My final year project is a watercraft for fly-fishing. It addresses the performance problems of size, assembly and portability of current craft available in the market. It comprises a folding frame system and an inflatable pontoon, where the seat can be raised and lowered to suit individual preference. Conceptually it plays upon the notions of escapism, the challenge of fly-fishing, and the spirituality found in the fishing environment. It is constructed from recyclable materials, uses simple assembly and natural aesthetics.


JAMES PARATII LAINCHBURY Nga¯ti Awa Bachelor of Fine Arts: Year 2 Born in rural Southland in 1970. Of Irish, Scots, Spanish and Ngati Awa descent… a mongrel really. Currently in the second year of a BFA. After spending nearly 25 years in the workforce, and feeling quite burnt out, I decided to invest in my mental and spiritual health and get an education! Have always drawn and painted and have been a semi professional photographer for 8 years, so a BFA seemed like the logical choice. The plan is to go to Teachers College after the degree and train to be a secondary school art teacher combining fine arts and Toi Atea – Ma-ori Art and Design.

Nga¯ti Awa

My work includes: › A back patch I drew up for a DJ collective I was in before I entered Massey. › A heke design for Toi Atea, Te Kore, Te Po, Te Ao Marama. › A fine art installation, Make, Remake. › A painting for Toi Atea, Te Tangihanga a Kupe. › A painting made while attending Ngaru Roa artist hui, Kua hoki mai a Xolotl.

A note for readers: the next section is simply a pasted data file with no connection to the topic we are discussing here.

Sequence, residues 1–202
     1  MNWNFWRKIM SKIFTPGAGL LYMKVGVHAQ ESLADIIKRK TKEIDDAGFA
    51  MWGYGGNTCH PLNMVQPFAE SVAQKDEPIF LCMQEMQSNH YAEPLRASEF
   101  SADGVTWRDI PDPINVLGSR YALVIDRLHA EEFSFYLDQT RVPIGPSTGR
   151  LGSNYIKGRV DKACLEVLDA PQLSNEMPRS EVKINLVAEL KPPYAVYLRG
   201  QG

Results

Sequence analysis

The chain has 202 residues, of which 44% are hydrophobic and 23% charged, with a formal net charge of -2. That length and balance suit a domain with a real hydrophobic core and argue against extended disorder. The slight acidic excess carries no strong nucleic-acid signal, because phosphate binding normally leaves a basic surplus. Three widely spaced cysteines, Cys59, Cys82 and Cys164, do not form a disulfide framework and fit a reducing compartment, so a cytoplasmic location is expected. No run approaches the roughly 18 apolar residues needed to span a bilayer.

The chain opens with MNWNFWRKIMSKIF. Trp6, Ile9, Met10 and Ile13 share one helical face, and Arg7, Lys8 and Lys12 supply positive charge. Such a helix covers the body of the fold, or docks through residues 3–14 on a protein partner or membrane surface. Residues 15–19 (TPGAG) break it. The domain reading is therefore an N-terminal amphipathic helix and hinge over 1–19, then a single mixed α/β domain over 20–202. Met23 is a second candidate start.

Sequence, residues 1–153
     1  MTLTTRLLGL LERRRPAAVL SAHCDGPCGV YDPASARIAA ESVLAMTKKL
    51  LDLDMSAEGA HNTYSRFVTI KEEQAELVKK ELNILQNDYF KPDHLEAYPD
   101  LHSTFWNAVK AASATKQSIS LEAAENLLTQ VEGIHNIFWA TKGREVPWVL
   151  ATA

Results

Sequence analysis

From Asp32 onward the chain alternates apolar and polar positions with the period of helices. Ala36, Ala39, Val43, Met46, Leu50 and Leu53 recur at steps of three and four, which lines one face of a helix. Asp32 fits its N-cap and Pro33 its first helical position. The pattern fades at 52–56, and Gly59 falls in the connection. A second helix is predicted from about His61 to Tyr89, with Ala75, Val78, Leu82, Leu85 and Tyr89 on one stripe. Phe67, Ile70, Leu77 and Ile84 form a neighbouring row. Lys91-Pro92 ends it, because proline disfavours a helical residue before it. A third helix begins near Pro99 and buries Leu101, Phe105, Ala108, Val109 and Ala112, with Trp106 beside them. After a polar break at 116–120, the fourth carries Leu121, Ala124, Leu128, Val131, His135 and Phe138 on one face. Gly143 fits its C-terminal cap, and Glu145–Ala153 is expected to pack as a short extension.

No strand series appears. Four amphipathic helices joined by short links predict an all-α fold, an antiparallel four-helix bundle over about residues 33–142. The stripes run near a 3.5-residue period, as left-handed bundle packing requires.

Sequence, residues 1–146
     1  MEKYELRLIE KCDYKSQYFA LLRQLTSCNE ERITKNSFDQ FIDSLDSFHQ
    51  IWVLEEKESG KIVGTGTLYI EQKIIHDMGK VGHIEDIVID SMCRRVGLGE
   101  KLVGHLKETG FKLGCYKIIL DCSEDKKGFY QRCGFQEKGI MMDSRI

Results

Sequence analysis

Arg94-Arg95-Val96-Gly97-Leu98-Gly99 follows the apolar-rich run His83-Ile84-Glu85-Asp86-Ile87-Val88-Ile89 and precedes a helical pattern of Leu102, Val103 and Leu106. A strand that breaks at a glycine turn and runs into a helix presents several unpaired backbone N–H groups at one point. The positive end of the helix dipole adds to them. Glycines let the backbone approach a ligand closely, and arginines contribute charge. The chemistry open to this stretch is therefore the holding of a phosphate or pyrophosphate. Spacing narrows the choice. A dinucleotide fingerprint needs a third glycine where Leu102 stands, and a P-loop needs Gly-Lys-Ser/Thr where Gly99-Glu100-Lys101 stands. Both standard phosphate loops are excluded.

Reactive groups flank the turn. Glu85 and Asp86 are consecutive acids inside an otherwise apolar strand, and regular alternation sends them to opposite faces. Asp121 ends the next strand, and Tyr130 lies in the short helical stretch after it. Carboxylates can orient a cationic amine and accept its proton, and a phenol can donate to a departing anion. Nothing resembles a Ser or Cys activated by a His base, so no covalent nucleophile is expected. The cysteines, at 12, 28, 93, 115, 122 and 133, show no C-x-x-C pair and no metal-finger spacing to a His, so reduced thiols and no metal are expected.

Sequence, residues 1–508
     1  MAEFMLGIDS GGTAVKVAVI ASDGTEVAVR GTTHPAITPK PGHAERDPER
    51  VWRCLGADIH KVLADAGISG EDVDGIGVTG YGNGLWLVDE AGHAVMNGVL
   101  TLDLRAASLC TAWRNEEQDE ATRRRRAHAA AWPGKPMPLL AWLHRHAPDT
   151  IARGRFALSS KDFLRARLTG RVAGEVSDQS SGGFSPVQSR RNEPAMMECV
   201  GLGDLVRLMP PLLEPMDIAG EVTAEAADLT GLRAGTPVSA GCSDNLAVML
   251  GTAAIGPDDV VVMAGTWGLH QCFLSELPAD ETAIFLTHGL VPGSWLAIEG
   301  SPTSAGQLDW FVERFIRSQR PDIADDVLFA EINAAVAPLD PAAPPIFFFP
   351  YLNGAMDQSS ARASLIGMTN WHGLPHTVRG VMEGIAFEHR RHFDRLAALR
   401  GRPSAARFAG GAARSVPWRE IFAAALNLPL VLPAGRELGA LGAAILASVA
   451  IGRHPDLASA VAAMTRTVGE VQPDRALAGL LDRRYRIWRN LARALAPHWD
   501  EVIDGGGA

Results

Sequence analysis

JANE MATUA Te Arawa, Whakato-hea, Te Rarawa Postgraduate Diploma in Arts: Visual and Material Culture The common thread driving my art practice comes from a Ma-ori spiritual dimension, which connects me to my whakapapa (genealogy), wha-nau (family), and whenua (land) and as such with clay. I have a passion for ‘Wild Clay' and consider it an indigenous medium that transcends the purely functional. Inspiration for my art derives from my ancestral wharenui (meeting house) Te Rangikurukuru, built and fully carved by my kuia, Maria and Jane Topia in the 1930s. It is a tangible reminder of the strength, determination, vision and courage of these women. I have undertaken postgraduate studies in material culture as a pathway towards one day obtaining a doctorate.